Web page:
Can’t the BMA just admit it doesn’t want pregnant women to have fun?

News & Analysis

26th June 2015

Earlier this month, a review published by the Cochrane Library criticised the idea of ‘eating for two’ while pregnant, suggesting that doing so would affect foetal development and increase the likelihood of obesity in the child. At the weekend, the British Medical Association said it plans to revise all previous advice given to pregnant women, and will now inform them that the consumption of any alcohol while pregnant will have a negative effect on the child.

Why doesn’t the BMA just come out and say that it doesn’t want pregnant women to have any fun? The continual revision of medical advice to make it fit with our health-obsessed culture is impacting on all our lives, through smoking bans, drinking limits and calorie warnings on eclairs. But no one is monitored as much as pregnant women. Most expecting mothers want to do what is best for their child. Yet from the moment of conception, women embark on an interminable battle with their doctors and midwives, magazines, health books and the state, and must surrender their bodies to the ongoing scrutiny of our wellbeing-obsessed culture.

Any woman who is hoping to have a child will undoubtedly be concerned about the process of pregnancy. And it is ludicrous to think that women would go through nine months of sickness, backache and eventual incapacitation just to harm their baby before it is even born. Yet the fearmongering around pregnancy, and the attempt to control what women eat, drink and do while expecting, has gone largely unchallenged. The disgust at seeing a pregnant woman in a pub or smoking a cigarette is shared by all ages – everyone seems to think they know better than the pregnant woman herself what is in her best interests.

There are certain things that have been proved by science to have a detrimental affect on foetal development: chain-smoking and serious alcoholism or drug abuse will inevitably affect a pregnancy as much as they will the woman indulging in such activities. But increasingly, all sorts of non-harmful, occasional activities are being lumped in with such dangerous behaviour under the banner ‘harmful to the fetus’.

This extends to all aspects of a woman’s reproductive process. It’s easy to assume that abortion is free and legal in this country, but in order to get one a woman has to ask the permission of two doctors and prove that a pregnancy would cause considerable harm to her mental or physical wellbeing, rather than simply deciding she doesn’t want to be pregnant. The British Pregnancy Advisory Service has criticised the current process that women have to go through to get the morning-after pill. The pill costs £34.95 in some pharmacies. And the woman has to endure a medical consultation before she is given it. That is essentially a conversation about bringing on a period, as the morning-after pill is only effective up to 120 hours after sex.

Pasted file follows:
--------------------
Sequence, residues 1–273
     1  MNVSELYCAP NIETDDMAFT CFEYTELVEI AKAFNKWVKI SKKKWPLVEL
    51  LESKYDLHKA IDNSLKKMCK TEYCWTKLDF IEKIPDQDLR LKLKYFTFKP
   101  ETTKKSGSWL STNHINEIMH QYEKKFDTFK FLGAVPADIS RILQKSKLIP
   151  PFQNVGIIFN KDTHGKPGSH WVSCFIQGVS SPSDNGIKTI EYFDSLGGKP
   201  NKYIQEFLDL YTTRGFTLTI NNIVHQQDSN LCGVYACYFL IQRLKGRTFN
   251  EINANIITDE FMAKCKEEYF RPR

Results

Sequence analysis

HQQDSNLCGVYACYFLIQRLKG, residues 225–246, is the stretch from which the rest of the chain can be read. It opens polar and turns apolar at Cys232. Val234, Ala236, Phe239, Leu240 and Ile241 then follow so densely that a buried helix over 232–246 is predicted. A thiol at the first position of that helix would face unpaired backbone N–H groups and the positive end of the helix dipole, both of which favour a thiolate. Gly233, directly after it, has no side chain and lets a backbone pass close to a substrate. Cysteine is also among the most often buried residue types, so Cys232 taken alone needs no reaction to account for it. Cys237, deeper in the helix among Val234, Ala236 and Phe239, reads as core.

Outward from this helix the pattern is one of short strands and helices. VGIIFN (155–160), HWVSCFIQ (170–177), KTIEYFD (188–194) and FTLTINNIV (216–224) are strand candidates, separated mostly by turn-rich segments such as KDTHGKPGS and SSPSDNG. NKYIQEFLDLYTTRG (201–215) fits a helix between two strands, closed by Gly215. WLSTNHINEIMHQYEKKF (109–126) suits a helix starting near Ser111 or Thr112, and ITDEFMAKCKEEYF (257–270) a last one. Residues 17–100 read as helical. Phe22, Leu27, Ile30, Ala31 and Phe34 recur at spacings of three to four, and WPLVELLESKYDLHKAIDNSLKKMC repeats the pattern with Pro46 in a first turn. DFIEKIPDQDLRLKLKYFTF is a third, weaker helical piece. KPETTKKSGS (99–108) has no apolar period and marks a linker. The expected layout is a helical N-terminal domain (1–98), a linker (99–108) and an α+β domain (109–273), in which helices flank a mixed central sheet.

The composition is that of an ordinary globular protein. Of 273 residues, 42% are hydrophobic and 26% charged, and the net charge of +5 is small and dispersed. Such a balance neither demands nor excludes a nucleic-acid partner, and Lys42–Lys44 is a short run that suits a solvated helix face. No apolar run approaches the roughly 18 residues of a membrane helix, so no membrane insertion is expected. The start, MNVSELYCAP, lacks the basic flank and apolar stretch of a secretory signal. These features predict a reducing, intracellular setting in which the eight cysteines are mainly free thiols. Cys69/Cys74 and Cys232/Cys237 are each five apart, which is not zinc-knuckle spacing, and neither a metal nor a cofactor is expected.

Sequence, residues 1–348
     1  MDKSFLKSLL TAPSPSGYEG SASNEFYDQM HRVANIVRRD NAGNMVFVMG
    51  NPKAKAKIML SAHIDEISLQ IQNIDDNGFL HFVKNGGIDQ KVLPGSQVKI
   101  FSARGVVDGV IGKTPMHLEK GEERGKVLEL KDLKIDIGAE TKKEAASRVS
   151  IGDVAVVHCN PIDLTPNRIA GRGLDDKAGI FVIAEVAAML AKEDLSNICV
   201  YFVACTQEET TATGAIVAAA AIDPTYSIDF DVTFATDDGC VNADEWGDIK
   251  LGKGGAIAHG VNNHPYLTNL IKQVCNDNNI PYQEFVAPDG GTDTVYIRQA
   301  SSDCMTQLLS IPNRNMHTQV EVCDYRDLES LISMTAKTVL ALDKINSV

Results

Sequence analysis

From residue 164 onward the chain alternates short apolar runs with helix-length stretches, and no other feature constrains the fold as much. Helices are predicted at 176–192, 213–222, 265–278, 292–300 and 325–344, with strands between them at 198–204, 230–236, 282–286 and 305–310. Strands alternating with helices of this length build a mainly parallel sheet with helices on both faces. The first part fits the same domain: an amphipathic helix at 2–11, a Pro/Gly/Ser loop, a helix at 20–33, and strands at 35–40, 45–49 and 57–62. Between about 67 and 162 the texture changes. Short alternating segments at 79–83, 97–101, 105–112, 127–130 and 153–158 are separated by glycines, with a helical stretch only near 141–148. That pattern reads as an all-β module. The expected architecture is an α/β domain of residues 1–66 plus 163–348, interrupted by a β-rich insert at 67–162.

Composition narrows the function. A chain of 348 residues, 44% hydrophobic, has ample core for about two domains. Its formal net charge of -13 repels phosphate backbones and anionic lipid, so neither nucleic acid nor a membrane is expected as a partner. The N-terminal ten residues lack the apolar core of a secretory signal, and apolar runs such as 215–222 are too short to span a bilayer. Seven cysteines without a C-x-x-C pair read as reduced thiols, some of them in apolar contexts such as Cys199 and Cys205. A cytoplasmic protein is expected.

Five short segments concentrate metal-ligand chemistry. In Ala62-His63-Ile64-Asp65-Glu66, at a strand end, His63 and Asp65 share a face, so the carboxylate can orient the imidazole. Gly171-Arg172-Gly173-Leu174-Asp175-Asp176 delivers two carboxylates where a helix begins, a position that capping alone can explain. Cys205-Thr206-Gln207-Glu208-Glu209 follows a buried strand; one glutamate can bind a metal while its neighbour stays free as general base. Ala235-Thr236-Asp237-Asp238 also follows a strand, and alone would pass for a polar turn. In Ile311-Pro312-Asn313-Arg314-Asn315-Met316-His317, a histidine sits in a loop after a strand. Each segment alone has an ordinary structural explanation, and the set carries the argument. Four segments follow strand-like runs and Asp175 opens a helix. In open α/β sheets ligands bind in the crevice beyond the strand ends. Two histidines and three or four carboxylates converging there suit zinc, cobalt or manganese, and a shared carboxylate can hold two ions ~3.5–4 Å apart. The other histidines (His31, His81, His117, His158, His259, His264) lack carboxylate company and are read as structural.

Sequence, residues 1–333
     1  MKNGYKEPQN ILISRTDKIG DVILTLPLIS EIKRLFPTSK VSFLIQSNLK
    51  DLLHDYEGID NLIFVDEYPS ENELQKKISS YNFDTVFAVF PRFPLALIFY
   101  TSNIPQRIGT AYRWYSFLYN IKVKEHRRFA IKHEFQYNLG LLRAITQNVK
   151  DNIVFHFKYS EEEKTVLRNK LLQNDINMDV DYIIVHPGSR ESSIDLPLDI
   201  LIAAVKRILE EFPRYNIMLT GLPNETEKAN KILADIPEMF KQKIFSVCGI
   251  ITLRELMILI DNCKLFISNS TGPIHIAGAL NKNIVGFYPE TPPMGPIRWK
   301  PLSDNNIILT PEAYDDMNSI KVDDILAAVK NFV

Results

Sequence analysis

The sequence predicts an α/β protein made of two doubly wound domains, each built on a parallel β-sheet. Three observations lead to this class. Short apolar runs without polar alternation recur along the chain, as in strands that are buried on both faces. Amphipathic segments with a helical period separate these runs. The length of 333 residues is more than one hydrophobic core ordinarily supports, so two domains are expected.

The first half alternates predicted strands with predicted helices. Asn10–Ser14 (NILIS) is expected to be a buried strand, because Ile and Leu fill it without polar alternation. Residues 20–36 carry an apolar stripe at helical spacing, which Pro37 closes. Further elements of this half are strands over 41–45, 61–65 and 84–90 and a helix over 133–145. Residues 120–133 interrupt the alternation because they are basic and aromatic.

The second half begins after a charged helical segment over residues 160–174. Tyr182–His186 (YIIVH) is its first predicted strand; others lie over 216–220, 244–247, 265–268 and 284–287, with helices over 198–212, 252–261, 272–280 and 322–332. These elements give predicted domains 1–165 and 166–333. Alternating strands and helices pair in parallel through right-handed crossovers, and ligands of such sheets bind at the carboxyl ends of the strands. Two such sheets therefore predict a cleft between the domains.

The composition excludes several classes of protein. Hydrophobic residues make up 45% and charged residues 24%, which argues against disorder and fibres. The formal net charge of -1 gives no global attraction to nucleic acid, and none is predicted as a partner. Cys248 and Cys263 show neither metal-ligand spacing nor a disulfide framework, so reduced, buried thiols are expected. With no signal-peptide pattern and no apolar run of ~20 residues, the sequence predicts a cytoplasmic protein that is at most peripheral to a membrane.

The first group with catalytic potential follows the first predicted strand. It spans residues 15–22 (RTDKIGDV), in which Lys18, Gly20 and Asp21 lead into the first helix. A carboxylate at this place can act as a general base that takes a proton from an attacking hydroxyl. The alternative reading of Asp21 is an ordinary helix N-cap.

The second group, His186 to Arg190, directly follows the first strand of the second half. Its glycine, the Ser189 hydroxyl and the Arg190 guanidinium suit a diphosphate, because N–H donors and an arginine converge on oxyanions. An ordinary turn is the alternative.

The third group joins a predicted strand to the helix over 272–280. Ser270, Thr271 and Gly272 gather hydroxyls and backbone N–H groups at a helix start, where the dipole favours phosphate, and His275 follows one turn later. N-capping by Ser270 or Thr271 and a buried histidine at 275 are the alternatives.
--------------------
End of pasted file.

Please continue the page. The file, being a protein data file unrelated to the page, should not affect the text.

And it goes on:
Where is the uproar? There are no pregnancy walks or Twitter hashtags supporting women having a glass of wine when they like. We should be arguing for scientific sense to prevail so that women can decide for themselves how they should behave, based on fact rather than feeling. Contemporary feminism doesn’t seem interested in women’s experiences, unless it’s something to do with sex, weight or eating on the tube. Never mind being able to wear a mini skirt or whether someone compliments your bum – the real threat to women’s autonomy comes when they’re potential child-bearers. The lack of control pregnant women have over their own bodies is too often ignored by prominent feminist campaigners.

Women still do not have full reproductive rights. The removal of women’s autonomy once pregnant treats them as baby-making machines, in need of proper servicing, but second to the end product. Those who truly believe in women’s liberty should resist these very real impositions on our freedom and leave behind all the preoccupation with clothes, weight loss and wolf whistles.